From raw materials to manufacturing, labour exploitation and modern slavery are rife in global garment supply chains. Workers in the industry are vulnerable to forced labour, wage theft, hazardous conditions, illegal overtime, and more. With garment supply chains often operating in locations where laws protecting human rights do not exist, are weak, or are not enforced by local authorities, companies’ own responsibilities to eradicate modern slavery from their supply chains become ever more important.
Legislation such as Modern Slavery Acts (MSA), place obligations on companies in all sectors to report on how they are addressing the risks of modern slavery in their direct operations and supply chains.
To gain an understanding of how the garment industry is upholding these obligations, Walk Free and WikiRate have assessed the statements of the largest garment companies reporting under the UK and Australian MSAs. This report provides a snapshot of their level of disclosure of modern slavery risks, identifies good practice, and highlights gaps in reporting quality.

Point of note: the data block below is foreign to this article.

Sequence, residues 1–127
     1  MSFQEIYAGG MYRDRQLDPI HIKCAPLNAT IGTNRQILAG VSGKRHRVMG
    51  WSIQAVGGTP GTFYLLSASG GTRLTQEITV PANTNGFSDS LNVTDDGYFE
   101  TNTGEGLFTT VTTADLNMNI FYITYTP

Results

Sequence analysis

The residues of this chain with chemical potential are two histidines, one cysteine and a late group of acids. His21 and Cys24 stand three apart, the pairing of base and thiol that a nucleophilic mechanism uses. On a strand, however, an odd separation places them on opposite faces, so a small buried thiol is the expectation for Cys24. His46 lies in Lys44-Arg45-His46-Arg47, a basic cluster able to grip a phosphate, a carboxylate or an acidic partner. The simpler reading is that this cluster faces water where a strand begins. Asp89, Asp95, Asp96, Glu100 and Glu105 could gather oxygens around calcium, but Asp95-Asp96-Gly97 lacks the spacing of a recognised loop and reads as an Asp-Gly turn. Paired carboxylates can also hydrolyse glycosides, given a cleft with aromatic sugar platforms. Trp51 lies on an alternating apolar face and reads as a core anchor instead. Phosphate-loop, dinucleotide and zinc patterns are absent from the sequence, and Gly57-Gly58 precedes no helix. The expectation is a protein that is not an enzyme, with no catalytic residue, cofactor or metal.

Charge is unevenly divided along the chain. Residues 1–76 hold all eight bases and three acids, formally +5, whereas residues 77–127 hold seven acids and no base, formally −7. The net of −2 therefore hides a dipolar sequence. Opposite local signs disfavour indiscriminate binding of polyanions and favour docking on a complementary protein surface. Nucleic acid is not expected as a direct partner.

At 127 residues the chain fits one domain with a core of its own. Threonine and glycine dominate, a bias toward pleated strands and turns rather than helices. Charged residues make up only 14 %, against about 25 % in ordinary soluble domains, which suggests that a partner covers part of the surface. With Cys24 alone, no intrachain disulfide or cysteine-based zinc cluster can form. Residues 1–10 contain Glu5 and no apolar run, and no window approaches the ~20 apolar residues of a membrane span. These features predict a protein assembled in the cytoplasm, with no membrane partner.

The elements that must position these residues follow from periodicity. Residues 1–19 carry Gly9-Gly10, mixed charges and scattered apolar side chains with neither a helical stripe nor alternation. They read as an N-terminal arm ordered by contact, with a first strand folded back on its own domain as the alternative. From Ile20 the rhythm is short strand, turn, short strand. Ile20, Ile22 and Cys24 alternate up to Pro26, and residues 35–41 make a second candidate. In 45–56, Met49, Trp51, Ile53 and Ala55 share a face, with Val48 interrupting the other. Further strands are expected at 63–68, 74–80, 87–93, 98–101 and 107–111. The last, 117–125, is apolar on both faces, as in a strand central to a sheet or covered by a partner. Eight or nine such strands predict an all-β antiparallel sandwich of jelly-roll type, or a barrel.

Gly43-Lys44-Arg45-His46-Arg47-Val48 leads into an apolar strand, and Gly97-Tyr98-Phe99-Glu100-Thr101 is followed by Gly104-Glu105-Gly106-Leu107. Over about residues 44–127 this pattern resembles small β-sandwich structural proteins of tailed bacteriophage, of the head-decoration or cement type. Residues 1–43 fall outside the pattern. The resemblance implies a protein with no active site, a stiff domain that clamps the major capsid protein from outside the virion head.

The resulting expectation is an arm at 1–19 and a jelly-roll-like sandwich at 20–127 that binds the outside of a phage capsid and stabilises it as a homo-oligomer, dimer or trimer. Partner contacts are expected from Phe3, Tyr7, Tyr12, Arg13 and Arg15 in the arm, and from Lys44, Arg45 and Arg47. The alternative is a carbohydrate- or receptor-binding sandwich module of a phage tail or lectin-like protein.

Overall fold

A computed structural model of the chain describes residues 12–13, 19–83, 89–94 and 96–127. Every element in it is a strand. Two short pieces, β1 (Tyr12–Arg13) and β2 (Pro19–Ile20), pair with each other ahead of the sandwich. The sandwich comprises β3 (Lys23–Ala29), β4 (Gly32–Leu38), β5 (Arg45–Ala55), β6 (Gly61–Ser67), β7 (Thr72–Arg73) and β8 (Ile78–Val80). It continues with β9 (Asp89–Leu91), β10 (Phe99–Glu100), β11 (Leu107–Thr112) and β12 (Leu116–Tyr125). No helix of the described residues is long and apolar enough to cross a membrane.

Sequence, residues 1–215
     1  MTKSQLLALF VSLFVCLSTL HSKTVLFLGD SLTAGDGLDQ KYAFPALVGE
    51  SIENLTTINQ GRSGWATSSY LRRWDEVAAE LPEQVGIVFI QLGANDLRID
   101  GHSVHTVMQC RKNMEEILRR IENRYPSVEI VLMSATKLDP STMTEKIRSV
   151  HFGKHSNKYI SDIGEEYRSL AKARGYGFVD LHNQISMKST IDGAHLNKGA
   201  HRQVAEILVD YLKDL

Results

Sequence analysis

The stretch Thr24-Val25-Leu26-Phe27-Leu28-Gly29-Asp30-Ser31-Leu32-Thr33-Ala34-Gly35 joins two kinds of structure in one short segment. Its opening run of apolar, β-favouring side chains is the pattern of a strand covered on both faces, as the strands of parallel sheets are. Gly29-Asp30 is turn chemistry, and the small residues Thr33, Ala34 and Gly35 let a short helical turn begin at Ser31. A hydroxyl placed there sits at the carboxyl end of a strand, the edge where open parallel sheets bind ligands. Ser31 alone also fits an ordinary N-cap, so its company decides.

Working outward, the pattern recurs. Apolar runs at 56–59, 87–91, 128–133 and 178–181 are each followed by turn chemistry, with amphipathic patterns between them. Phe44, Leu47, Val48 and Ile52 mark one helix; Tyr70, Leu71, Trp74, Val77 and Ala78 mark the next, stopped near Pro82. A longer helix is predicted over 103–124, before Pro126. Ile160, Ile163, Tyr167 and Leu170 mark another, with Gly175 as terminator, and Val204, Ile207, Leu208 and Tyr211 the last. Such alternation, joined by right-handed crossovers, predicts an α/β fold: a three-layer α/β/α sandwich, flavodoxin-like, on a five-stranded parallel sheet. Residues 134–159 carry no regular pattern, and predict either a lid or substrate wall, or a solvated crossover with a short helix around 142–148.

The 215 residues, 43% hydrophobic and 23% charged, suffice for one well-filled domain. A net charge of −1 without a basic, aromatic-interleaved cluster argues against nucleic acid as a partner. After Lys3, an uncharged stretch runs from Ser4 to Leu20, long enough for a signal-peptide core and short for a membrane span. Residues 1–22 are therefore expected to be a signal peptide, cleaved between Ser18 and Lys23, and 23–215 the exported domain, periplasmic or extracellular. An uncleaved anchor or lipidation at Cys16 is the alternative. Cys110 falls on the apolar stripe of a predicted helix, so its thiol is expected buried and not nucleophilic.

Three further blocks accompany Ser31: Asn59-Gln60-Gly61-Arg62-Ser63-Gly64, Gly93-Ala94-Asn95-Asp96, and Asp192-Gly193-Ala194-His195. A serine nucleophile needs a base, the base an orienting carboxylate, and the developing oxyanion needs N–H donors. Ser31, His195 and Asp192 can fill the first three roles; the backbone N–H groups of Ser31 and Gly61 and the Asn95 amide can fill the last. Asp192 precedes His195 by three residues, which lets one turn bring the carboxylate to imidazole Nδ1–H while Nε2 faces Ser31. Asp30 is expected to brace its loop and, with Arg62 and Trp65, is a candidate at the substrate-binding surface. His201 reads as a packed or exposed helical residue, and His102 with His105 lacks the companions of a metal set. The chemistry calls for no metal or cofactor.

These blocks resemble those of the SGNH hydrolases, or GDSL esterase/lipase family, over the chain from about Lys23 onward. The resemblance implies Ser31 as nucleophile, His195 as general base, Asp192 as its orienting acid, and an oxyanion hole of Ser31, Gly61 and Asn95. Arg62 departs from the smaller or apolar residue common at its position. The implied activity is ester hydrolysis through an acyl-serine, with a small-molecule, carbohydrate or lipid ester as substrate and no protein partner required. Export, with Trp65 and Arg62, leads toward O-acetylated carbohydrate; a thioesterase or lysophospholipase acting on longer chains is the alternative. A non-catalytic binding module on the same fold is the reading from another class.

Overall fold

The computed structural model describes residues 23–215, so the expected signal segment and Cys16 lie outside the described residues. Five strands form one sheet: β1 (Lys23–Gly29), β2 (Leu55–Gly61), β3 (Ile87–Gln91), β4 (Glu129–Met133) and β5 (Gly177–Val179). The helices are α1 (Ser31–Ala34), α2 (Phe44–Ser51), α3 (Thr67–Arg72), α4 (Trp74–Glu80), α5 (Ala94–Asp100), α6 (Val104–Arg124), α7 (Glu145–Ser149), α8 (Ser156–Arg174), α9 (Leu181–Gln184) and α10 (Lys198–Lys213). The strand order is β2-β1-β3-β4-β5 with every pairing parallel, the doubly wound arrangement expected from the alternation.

of companies assessed do not meet minimum reporting requirements under the MSA legislation.
of companies assessed did not disclose any information on their supply chains.
of companies assessed are not applying modern slavery policies to workers beyond their direct suppliers.
of investor statements did not disclose any oversight of their investee companies.
Comply with the legislation and strengthen reporting by:
Increase efforts to tackle modern slavery risks in direct operations and supply chains by:
Engage with industry and non-industry initiatives, including Better Cotton Initiative and Sustainable Apparel Coalition.
Implement financial penalties for non-compliance with the MSAs.
Strengthen MSA legislation to go beyond mandatory reporting to include mandatory due diligence.
Provide avenues for redress for exploited workers, including civil liability for companies that fail to conduct due diligence.